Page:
Coordination and conjugation

The properties of ion conductors and electron conductors that make up, for example, the middle and outer materials in a battery, depend on how well ions and electrons move through them. This is intricately linked to their structure: how strongly the ions are held – coordination – and how extensive the electron transport pathways – conjugation – are. 


Understanding these two important aspects in new lithium-based coordination polymers was one of the main aims of a recent paper, led by my co-worker Satoshi Tominaka and published in the journal CrystEngComm. Find the full paper here, or in my publication list here.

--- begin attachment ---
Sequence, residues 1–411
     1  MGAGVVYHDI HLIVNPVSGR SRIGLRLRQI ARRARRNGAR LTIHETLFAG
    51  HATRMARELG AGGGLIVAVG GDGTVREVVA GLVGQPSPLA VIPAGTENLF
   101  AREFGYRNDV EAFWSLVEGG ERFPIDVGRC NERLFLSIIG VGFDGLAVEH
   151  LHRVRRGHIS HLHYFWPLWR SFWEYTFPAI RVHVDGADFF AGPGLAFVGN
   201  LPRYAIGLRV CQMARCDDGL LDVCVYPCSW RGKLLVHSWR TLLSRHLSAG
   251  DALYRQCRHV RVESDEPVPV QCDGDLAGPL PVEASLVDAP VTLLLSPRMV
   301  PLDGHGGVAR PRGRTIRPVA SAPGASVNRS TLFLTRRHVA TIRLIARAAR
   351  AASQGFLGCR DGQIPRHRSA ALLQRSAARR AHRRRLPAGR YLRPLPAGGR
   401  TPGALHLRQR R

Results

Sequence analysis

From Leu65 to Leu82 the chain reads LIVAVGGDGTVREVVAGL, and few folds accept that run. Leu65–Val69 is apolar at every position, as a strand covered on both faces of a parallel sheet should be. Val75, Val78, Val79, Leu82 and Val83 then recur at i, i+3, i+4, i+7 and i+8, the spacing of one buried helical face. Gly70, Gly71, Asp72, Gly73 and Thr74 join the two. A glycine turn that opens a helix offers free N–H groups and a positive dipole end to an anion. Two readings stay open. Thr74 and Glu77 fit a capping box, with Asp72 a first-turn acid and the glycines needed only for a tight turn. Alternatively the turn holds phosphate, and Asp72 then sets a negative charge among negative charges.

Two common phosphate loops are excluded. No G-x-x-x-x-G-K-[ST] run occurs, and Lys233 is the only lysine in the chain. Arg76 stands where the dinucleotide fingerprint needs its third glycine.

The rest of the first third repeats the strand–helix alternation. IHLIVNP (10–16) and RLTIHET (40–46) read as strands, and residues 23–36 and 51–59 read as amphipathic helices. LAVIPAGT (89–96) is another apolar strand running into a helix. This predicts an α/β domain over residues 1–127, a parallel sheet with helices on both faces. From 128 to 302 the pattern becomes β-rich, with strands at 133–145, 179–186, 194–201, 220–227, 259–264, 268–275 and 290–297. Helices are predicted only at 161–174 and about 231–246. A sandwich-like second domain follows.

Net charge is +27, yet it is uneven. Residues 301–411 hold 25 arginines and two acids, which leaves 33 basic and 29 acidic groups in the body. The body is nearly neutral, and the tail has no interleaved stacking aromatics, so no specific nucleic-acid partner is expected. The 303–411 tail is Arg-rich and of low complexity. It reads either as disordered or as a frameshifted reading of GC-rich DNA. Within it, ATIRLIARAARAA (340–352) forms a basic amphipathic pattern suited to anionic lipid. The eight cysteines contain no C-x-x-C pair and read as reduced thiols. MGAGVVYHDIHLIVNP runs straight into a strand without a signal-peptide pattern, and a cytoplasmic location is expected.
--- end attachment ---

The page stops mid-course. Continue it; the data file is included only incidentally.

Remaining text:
Although we didn’t find any new amazing properties in these materials, they provided us with an opportunity to look at the structures and see trends in how the ionic bonding and conjugation varied with different composition and packing of the organic molecules. Satoshi found that the lithium-to-oxygen bond length (roughly equivalent to the weakness of binding) decreased as the nearest carbon-oxygen bond length increased (see the figure above). This gives us a clue as to how to design new, improved battery materials…


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